Strategic Intuition – A Brief Summary
Have you ever wondered how some people come up with their great ideas, and wished you knew how to do the same? William Duggan’s book, ‘Strategic Intuition’ is about the discipline of great idea formulation and how creativity and rational thinking combine in the mind to achieve this. The aim of his work is to help understand how great ideas are formed, so that we can learn how to practice these techniques and come up with great ideas ourselves. As Duggan points out “Strategic intuition puts leaps of human achievement within the grasp of all human beings “
In order to be able to understand how great leaps of human achievement come about, it is good to study how they took place in the past. Thomas Kuhn, in his book The Structure of Scientific Revolutions gives an account of how scientific achievement really happens. In it he explains that a breakthrough is part of both the past it came from, and the future it starts, just as a bend in the road serves as the end of one direction and the beginning of another. Only at the bend can you look back and see where the road came from and look ahead to the new direction it will take.
Breakthrough ideas are usually not something completely new. They are most often a combination of various information that already exists in the public domain that have been reorganised in a new way. From his studies of scientific history in the work of Copernican, Aristarchus, Kepler, Galileo, Newton, Einstein and many other scientists, Kuhn realised that most of these great men did not come up with a completely new scientific theory. In fact, all of them learnt from those who had gone before them, often rearranging existing information in a new way to form a new set of theories, methods and questions.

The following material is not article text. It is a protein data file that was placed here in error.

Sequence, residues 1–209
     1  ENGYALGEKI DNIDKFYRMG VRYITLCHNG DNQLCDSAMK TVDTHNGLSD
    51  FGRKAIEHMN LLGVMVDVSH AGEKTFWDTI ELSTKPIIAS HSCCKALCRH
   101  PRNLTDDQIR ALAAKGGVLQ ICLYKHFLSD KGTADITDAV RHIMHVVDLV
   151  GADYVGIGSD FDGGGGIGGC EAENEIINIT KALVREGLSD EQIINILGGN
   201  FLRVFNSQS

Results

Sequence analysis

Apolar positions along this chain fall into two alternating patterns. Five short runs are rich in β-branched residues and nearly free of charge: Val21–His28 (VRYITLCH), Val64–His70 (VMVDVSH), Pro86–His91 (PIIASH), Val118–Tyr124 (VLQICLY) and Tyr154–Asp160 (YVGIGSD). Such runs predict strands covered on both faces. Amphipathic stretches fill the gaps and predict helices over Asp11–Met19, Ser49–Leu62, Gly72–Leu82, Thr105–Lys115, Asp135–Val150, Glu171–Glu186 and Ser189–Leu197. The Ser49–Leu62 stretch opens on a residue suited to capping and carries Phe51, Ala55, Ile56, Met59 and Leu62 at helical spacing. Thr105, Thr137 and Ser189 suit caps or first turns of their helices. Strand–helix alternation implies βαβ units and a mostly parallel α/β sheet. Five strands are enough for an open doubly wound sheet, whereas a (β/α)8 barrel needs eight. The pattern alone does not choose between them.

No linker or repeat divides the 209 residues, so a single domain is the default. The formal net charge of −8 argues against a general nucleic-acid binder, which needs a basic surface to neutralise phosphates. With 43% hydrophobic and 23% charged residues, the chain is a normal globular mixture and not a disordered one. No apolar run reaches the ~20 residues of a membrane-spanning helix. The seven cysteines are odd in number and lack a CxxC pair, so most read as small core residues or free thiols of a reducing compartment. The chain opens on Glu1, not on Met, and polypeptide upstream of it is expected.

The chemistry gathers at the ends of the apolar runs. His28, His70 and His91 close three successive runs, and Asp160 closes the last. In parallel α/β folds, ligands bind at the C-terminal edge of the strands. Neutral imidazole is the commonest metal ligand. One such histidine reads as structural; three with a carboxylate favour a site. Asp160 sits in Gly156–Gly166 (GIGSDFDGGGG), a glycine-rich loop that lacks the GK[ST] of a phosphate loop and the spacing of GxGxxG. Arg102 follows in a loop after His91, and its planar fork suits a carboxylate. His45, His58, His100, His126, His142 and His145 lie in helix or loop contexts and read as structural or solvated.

Most of the time a discovery is made before scientists realise what the discovery is, or have developed a theory to explain it. Their achievement often precedes the development of theory. Kuhn discovered that scientific advance does not come about by a leap of thought to a new theory, but rather from combining specific achievements that lead to a theory which explains them. It’s an act of combination, not imagination. It involves the selective recombination of previous elements into a new whole, as pieces of the past come together to make a new future. This recombination happens as a result of what Kuhn describes as ‘flashes of intuition’ which is different from deliberation, interpretation or thinking hard. The pieces suddenly sort themselves out and come together in a new way in our minds. Scientists have even found that your mind can come up with new problem solving combinations while you sleep.
Research conducted in 2003 in Lubeck, Germany by 5 scientists has shown that when working on solving a problem it is often beneficial to relax and take your mind off the task and to let your brain work out the connections between existing information on its own in order to come up with a solution. Scientists have concluded that the elements of the solution will often come together in a new beneficial combination during sleep when you are not conscious of your brain working on the problem.
Another interesting finding is that oftentimes scientists start looking for a solution to one problem and come up with a solution to another. Does this mean that we should not work or think hard about any one problem? No, because the mind needs to understand the original problem thoroughly for it to be able to touch all the pieces you need for the answer. You also need to open your mind to consider other pieces from other problems because those will combine for a new solution to a new problem that is often close to the one you were originally trying to solve.
This type of strategy and problem solving goes against common wisdom on how great achievements happen, where you first set your goal, and then you work hard to achieve it. That’s not how it really works. Rather a combination of previous elements come together in a flash of insight, providing both the achievement and the goal at the same time – which is the essence of strategic intuition.
Modern developments in neuroscience have helped to explain how the process of strategic intuition takes place in the human brain. Eric Kandel won the Nobel Prize in 2000 for his research on a new model of how the brain works, overturning Roger Sperry’s two-sided brain theory of the 1960s-1990s. Today scientists no longer believe that one side of the brain is rational and the other is creative. A new model has put intuition and analysis together in all modes of thought. This new model explains how strategic intuition can be logical and creative at the same time.